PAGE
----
What you can often expect from a darker rosé is a bit more flavour and complexity, as well as more texture and perhaps tannin. This style of wine is common in Italy and actually makes for a terrific food wine, pairing much better with dishes than paler rosé.

Here is a delicious example of a darker rosé from our wine collection. 

What does rosé taste like?

Just like with white wine and red wine, the flavour profile of rosé wine can be incredibly varied.

Red fruit like strawberry and raspberry is a very common flavour note. So is citrus, usually in the form of lemon, lime or grapefruit.

Beyond this, some rosés are more tropical with notes of guava. Others can be spicy with notes of white pepper. Some are a bit more vegetal with notes of capsicum. Others again will be floral with notes of rose petals.

This all depends on a myriad of factors, primary among which would be the grape variety/varieties used, how much skin contact the wine had, as well as regional and climatic characteristics (broadly referred to as 'terroir').

Beyond this, depending on what a winemaker desires in the final wine, they can make lots of different decisions, all of which influence the direction of the finished wine.

The possibilities are endless, though there is a common thread that ties all rosés together, just as there is one that ties all white wines and red wines together too.

How to serve rosé wines?

Pretty much all rosé should be served chilled. For really pale, crisp examples straight out of the fridge is fine, especially if you're just drinking it as an aperitif or a cold tasty beverage.

If your rosé has a bit more going on, or you're planning on having it with food, getting the bottle out of the fridge and serving it 20 minutes later will yield the best results.

What are some good food and wine pairings for rosé wine?

While most people think of rosé as just something to enjoy on the veranda on a hot summer day, there are actually many exciting food pairings possible with this style of wine.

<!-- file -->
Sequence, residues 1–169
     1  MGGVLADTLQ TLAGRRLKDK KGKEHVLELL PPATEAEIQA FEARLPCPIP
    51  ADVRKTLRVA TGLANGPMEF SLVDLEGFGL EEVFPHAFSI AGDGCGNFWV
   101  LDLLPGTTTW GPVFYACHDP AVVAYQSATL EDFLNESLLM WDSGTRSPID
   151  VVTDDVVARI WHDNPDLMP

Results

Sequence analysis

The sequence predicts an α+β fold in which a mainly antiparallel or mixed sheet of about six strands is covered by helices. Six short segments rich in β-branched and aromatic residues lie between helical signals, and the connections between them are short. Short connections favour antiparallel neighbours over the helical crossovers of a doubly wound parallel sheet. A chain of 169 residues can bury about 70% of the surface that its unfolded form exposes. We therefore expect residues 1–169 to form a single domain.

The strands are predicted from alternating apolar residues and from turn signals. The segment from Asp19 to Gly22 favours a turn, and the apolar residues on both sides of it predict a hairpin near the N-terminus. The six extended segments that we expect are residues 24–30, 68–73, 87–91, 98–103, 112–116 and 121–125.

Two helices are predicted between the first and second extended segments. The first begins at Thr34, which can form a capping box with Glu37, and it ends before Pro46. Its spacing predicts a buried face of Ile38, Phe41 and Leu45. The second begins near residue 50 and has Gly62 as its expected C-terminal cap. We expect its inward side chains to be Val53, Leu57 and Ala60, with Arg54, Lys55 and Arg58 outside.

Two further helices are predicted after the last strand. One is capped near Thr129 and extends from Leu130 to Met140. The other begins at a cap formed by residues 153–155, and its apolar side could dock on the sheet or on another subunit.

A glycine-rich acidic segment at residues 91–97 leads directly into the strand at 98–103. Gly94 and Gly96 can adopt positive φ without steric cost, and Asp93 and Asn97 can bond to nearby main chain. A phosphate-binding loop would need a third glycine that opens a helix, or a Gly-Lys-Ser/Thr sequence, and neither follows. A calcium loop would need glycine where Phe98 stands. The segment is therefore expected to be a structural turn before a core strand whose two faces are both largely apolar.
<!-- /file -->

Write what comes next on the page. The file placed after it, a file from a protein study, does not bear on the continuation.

For the most part, lighter dishes work best with lighter, more delicate rosés. Foods like grilled chicken salad, soft cheeses, and cold seafood.

Fruitier rosés pair beautifully with spicy foods like curries and stir-fries. Fuller-bodied rosés are excellent with grilled salmon and can even work with heavier poultry like duck.

Rosé with a bit more body, like a Tavel rosé (from the Rhone Valley in France) can even be used as a gateway for white-only drinkers towards some reds and can be a nice pairing with steak, especially something tender and lighter in flavour like beef fillet.

Some final words on rosé wine

Rosé is a style of wine just like white wine and red wine. It is often maligned as lower-quality wine or viewed as monolithic (with people assuming all rosés are pretty much the same).

This is totally undeserved, and if you're not drinking rosé, you're missing out!

Just like with any wine, there are high-quality and low-quality examples, but on the whole, the style offers some delicious food and wine pairings as well as terrific value and lots of different flavour profiles and styles if you take the time to seek them out.

If you haven't gotten into rosé yet, what better time than right now, this summer? And if you want a few high-quality dry rosé wines to get you started, check out our range of rosé wines here.